In April 2018, the Poor People’s Campaign: A National Call for Moral Revival released a Moral Agenda and Declaration of Fundamental Rights. The demands contained within that document present a comprehensive response to the systemic racism, poverty, ecological devastation, militarism, and war economy plaguing our country today. For the 140 million people who are poor, or one emergency away from being poor, we know these demands are necessary. This Poor People’s Moral Budget asks, given the resources of our society, whether these demands are also possible. Our answer is a resounding yes. Continue reading “The 2020 Poor People’s Moral Budget”

Poor People Have Not Heard Their Names

barberAn excerpt from Rev. William Barber’s “The Economy Doesn’t Work for Most Americans,” an article published in The Guardian this week. 

One hundred and forty million poor and low-income people in America are a $400 emergency away from not being able to pay their bills next month. That’s 43.5% of the population in the world’s richest nation. While Democrats have championed the middle class and Republicans have promoted tax cuts and corporate welfare, poor people have not heard their names in American public life for the past 40 years, even as the gap between the rich and the poor has grown to levels of inequality we haven’t seen since before the Great Depression.

While both parties work to energize and mobilize their base, it is no accident that the single largest voting bloc in American politics is not those who voted Republican or Democrat in the last presidential election, but those who did not vote at all. Roughly 100 million Americans who were eligible to vote in 2016 didn’t cast a ballot. In 2018, while many celebrated a historic turnout for a midterm election, the numbers of those who didn’t participate were still higher.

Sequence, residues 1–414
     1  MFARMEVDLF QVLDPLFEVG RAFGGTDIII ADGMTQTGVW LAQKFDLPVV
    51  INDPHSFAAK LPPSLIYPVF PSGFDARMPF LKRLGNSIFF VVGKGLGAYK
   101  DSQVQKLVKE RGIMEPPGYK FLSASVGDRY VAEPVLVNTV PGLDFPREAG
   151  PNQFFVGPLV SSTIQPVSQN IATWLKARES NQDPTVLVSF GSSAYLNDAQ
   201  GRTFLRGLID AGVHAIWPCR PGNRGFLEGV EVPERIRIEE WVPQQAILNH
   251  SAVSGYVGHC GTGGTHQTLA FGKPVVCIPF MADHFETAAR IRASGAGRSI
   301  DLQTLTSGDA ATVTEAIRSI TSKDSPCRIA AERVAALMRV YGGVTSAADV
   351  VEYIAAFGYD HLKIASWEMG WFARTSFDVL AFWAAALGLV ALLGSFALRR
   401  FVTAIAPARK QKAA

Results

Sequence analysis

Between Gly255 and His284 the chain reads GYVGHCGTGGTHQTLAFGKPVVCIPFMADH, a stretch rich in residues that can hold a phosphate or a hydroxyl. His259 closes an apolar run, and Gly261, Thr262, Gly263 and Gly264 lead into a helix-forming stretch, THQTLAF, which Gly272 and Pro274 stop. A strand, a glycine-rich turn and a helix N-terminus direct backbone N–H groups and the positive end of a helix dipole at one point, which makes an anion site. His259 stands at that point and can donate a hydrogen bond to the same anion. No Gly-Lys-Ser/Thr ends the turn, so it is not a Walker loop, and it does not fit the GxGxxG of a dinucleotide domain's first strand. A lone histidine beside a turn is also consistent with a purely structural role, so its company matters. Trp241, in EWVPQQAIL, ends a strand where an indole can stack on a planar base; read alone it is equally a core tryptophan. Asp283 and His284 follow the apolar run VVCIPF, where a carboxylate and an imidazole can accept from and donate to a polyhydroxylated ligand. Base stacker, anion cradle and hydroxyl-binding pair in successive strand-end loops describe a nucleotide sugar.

For the Least of These

feast1
Woodcut by Julia Jack-Scott

By Kelly Gallagher

“For I was hungry and you gave me something to eat, I was thirsty and you gave me something to drink, I was a stranger and you invited me in, I needed clothes and you clothed me, I was sick and you looked after me, I was in prison and you came to visit me…Truly I tell you, whatever you did for one of the least of these siblings of mine, you did for me.” Matthew 25: 35-36,40

The Rev. Dr. William Barber and the Rev. Dr. Liz Theoharis have created a core principal in the Poor People’s Campaign that they have held firm to and modeled over and over again – to lift up and deepen the leadership of those most impacted by racism, poverty, environmental devastation, and militarism. I like the language of “most impacted” better than “the least of these,” because “least of these” in today’s society can have connotations of “not as good as” or “not as important as.” Either way, the point is the same. Like Jesus, the Poor People’s Campaign: A National Call for Moral Revival, is calling us to engage the margins in an intimate and profound way. A way, I daresay, that has become foreign for many in the mainline church. Continue reading “For the Least of These”

Tommy Tackett and Bill Wylie-Kellermann begin 12 Day Jail Sentence

33170060_10214353732610697_5007133656053972992_oBy Lydia Wylie-Kellermann

On May 21, 2018, 16 people were arrested in Michigan as part of the Poor People’s Campaign 40 days of actions around the country. They blocked the entrances to the Department of Health and Human Services. It was a cry against the systemic racism so ingrained in our systems that claim to be supporting the poor. Continue reading “Tommy Tackett and Bill Wylie-Kellermann begin 12 Day Jail Sentence”

We Need a Moral Breakthrough

BarberAn excerpt from Rev. William Barber’s address presented before the 74th Union for Reform Judaism Biennial convention on December 6, 2017.

We are here tonight, and 62 years ago would have been the fifth day of the Montgomery Bus Boycott. Today, when the prophetic actions of Rosa Parks like Shiphra and Puah in the Bible, chose to challenge the Pharaoh of Jim Crow. She sat down and birthed a movement on a stage that produced a prophet like Moses named Martin. She sparked a nonviolent revolution. Continue reading “We Need a Moral Breakthrough”